Wednesday, February 13, 2008

The Death of the Family Farm

Husking corn was rare in our area when I captured this photo of my mother and grandparents during the mid 1970’s

Civilization is in a state of perpetual evolution. As knowledge and technology change, so do governments and occupations. During the sixties the viability of the traditional small family farm passed.

The Pennsylvania Farmer Magazine was delivered monthly to our mailbox. Frequently the editorial column would focus the wrath of the failing farmers upon the favorite whipping boy, the Middleman. At the time, as an adolescent, the identity of the middleman was quite unclear to me. Only later did I come to understand the propaganda value of creating this scapegoat for farmers to focus their anger upon, instead of on the real issues driving the farmers to expand or fail.

Looking back to the 1800’s and very early 1900’s the small, nearly self sufficient farm, was a model of success. Livestock provided the milk, eggs and meat required to feed the family. A large vegetable garden along with a small orchard provided the family with both fresh and canned fruits and vegetables. Many farms raised sheep to provide wool and meat as well. Any overabundance was traded with the neighbors or traded to the local store for goods or services that could not be produced. The farm family in reality required little that could not be produced on the farm. Energy consisted of muscle power, both human and draft animals. Land that was unsuitable for farming was allowed to grow in timber providing lumber and firewood.

As technology improved, no longer was the farmer limited to the small amount of acreage he could till with his team of horses. With the tractor, not only could the farmer maintain more acreage, he needed to if he were to survive. With this increased technology came other increased cost; gasoline, diesel, electricity, telephone, insurance, fertilizer, and let us not forget taxation.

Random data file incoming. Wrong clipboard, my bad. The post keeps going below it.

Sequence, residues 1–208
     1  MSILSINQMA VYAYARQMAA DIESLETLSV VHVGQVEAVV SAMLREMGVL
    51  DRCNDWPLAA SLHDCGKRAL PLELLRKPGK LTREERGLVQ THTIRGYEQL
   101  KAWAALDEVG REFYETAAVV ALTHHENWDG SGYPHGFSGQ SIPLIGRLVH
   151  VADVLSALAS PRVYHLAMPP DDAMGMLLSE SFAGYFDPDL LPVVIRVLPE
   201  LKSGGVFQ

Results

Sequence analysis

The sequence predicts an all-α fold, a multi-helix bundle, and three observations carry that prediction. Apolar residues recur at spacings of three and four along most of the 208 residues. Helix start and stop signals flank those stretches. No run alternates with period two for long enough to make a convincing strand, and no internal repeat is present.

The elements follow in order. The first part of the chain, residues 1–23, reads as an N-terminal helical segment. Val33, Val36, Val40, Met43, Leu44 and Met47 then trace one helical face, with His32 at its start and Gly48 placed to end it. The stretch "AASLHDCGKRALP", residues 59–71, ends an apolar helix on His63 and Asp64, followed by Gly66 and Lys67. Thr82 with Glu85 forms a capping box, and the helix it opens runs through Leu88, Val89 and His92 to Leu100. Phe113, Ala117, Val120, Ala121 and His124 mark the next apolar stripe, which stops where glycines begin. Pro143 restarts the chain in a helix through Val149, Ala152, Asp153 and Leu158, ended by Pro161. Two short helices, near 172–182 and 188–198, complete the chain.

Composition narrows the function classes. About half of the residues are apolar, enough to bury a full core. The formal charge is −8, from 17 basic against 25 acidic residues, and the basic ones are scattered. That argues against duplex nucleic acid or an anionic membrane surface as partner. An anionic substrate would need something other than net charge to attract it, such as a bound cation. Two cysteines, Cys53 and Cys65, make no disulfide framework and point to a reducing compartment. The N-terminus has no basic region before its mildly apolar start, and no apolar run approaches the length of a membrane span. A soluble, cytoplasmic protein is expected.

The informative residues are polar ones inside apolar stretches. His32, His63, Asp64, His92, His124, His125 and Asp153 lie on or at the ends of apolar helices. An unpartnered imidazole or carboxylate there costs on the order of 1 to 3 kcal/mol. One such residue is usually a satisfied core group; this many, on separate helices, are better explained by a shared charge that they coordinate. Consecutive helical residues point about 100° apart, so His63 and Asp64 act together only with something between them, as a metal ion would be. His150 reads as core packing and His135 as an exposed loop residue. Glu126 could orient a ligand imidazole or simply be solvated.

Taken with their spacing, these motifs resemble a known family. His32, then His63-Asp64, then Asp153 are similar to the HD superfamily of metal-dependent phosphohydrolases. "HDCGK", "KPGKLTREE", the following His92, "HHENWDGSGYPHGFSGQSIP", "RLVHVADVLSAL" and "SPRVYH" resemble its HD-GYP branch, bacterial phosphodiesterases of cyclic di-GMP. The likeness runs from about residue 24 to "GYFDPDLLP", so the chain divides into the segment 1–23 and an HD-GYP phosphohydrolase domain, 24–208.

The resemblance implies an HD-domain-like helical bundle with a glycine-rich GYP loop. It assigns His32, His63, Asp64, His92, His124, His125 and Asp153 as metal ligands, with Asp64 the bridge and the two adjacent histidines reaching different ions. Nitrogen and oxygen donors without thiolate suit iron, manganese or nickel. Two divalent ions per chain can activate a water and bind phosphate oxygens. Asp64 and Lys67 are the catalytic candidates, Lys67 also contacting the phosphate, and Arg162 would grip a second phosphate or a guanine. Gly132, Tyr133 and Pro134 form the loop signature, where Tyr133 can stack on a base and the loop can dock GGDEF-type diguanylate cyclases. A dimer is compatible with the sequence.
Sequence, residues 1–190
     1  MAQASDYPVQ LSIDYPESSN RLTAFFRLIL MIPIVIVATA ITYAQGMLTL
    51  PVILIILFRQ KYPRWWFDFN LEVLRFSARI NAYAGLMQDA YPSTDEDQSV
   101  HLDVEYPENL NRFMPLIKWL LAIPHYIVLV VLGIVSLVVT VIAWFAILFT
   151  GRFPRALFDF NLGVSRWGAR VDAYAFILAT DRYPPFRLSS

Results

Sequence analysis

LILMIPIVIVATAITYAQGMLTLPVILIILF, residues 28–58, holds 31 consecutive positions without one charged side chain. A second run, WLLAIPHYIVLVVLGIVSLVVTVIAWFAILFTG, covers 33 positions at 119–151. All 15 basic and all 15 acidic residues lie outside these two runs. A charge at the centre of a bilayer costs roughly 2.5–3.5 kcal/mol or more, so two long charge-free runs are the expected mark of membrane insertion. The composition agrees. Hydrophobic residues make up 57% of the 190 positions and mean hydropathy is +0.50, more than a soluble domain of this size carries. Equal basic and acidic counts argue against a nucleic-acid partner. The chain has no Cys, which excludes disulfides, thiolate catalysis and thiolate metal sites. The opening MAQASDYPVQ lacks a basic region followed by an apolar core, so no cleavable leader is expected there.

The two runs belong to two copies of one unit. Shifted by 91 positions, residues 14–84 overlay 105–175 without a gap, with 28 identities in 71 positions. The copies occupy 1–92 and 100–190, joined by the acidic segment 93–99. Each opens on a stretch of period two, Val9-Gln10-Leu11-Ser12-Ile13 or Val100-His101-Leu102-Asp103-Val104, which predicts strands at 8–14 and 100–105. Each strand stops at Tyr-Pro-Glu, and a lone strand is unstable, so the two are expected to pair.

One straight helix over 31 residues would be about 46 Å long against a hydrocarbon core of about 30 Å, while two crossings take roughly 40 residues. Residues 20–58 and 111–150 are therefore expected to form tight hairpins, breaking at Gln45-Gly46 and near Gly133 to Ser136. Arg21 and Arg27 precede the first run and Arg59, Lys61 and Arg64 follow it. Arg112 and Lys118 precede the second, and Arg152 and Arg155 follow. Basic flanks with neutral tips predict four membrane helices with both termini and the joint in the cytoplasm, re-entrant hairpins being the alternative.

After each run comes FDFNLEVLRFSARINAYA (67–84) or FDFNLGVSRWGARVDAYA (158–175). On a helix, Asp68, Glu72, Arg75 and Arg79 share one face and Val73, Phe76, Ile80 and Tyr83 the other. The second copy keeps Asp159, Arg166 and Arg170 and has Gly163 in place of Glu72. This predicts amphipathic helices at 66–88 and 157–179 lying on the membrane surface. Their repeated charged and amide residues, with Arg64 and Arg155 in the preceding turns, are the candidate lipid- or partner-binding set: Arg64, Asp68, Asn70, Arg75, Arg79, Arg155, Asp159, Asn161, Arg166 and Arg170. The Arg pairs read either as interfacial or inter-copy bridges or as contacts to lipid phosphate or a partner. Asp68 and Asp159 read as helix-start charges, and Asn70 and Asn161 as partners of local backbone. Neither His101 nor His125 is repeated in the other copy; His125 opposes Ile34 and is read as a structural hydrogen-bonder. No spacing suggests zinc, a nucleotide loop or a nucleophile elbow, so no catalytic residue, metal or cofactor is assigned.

As the farmers productivity increased so did the distance to market along with an ever increasing requirement to deliver a more consistent processed product.

This is where the infamous, much maligned “Middleman” entered onto the scene. Who you might ask is this Middleman?

He is the trucker, the butcher, and the cashier at the local grocery store. He is the man at the feed mill who buys grain and then grinds and formulates it into livestock feed. He is the Kellogg’s who processes the corn into cornflakes; he is General Mills who turns oats into Cheerios. In short, the Middleman is everyone involved in moving the farmer’s product to market. Was the Middleman responsible for the demise of the family farm? In my humble opinion I say no!

Ultimately technology was to “blame” for making the remaining farms larger, more productive and more efficient while operating on slimmer profit margins. Because of farming improvements our country has been blessed with some of the cheapest food on the face of the earth; the cost was the loss of a way of life; The Small Family Farm.


Anonymous said...

Husking corn. Wow. I wish I had a photo of those days. When the horse pulled the wagon with side boards down the rows of corn shocks and the farmer shucked out the ears and throwed the corn into the wagon and when the shock was done the horse, somehow, knew it was time to move to the next shock. Those days are gone forever and it is a sad thought, especially for the horses who not only lost a job but a life on the farm.

Happy Valentine's Day.

Old Wom Tigley said...

This is a great post Salty.. it sure is a sad tales as well. I like the idea of the 'Small Farm' lifestyle... producing just enough for you needs and a little besides. To be content with that would be a blessing now. We would all be to much wrapped up in our 'Small Farms' to worry about what was going on in one country or another. IF ONLY... I'm sure that life was hard back then.. but theres a big differance to what 'hard' means... give me the Small Farm way of life anyday... I'd gladly have given up on what I've now got used to.
I really enjoyed this post and the thoughts it put in my head.. I know that I'll be thinking more of these throughout the day as well.

imac said...

That is one sad tale of days gone forever, but memories are great, also the photo tells a story too.
Love this post Salty.

Happy Valentines Day to you and all your family.
and see my Valentines message

Willard said...

Truly a great post. We grew up at the end of an era! I can just remember our grandparents having a horse. I can actually remember granddad holding me while he fed ears of corn to the horse.